Fraud in 2020 Going Stronger Than 2019

Beware Fraud, Report to the FBI Internet Crime Complaint Center

Cybercrimes are happening every day, all day. The FBI Internet Crime Complaint Center (IC3) receives hundreds of thousands of complaints per year. In 2020, there were 791,790 complaints and of those complaints, twenty-eight percent were from people over 60 years of age. Their losses totaled over $1 billion of the $4.1 billion lost across all age demographics nationwide. U.S. elder losses also saw a $300 million increase since 2019, with an average loss of $9,175. Over nineteen hundred lost more than $100,000. Even if you are not over 60, beware of the following scams and exploits.

The top three crimes in order of number of losses:

Confidence fraud and romance – 6,817 victims $281 million

Though seventh in order of number of victims, confidence fraud and romance scams were the most lucrative for cybercriminals. Elder Americans vulnerable to confidence scams from strangers (romance, friendship, business opportunities). Beware of users with fake online identities who are corresponding by email, chat, or other means with you. Scammers can also use religion to gain your confidence.

Tech support – 9,429 victims $116 million

Beware the “tech support” popup window, call, or email. Illegitimate customer, security, or technical support or service. “Criminals may pose as support or service representatives offering to resolve such issues as a compromised email or bank account, a virus on a computer, or a software license renewal” (IC3).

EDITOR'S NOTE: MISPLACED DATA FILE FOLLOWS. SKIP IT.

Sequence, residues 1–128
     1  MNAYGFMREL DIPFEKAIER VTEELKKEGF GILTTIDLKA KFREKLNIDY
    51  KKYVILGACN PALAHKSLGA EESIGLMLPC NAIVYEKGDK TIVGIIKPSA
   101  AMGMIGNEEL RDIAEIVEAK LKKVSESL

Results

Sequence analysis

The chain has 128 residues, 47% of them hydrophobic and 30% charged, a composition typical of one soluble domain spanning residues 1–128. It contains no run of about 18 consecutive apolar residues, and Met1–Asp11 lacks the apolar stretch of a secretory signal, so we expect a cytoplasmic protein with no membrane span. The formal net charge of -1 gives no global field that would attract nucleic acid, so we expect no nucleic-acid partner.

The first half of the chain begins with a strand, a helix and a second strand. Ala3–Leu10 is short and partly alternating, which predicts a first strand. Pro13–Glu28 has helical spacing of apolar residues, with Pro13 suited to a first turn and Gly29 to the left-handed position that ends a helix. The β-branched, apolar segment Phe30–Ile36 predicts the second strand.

Investment fraud – 1,062 victims $98 million

The third most lucrative scam is investment fraud. For those nearing or in retirement, the scammer can offer to “let them in to a great opportunity.” Beware of “low or no-risk investments, guaranteed returns, overly consistent returns, complex strategies, or unregistered securities… Examples of investment fraud include advance fee fraud, Ponzi schemes, pyramid schemes, and market manipulation fraud” (IC3).

Extortion – 23,100 victims $18 million

With the largest number of victims, the criminals who engage in this crime use the threat of physical/financial harm or doxing (acquiring a target’s private or identifying information and threatening to publish it on the internet) unless they pay up. This can typically happen through email, hitman or sextortion schemes, or threatening to release information to the government, like the IRS.

Non-payment or non-delivery – 14,534 victims $40 million

While we were all at home in 2020, those over 60 began to shop online more. Over 14,000 non-payment or non-delivery complaints resulted with losses over $40 million.

Other crimes:

ID theft – With the 4th highest number of victims, this threat is still prevalent

Phishing (phony email links)/vishing (voice calls for information or scam)/smishing (scams or hacks by text message)/pharming (fake websites)

Spoofing (impersonating a legitimate entity by computer or device)

Personal data breach – along with ID theft, this can happen if your computer or data in an internet database is exposed or stolen

Misrepresentation – fraudulent statements to make the target enter a contract

Government impersonation – various government entities, like IRS for false tax payments

Remember the old maxim: if it sounds too good to be true, it probably is. Be skeptical of bogus/scam emails, wary of strangers trying to get you to enter a romantic or business relationship, “tech support” saying your computer needs help, keeping your personal data safe, shopping at legitimate online sources, and using MalwareBytes for your computer protection. You can file a complaint with the ICS if you need to.

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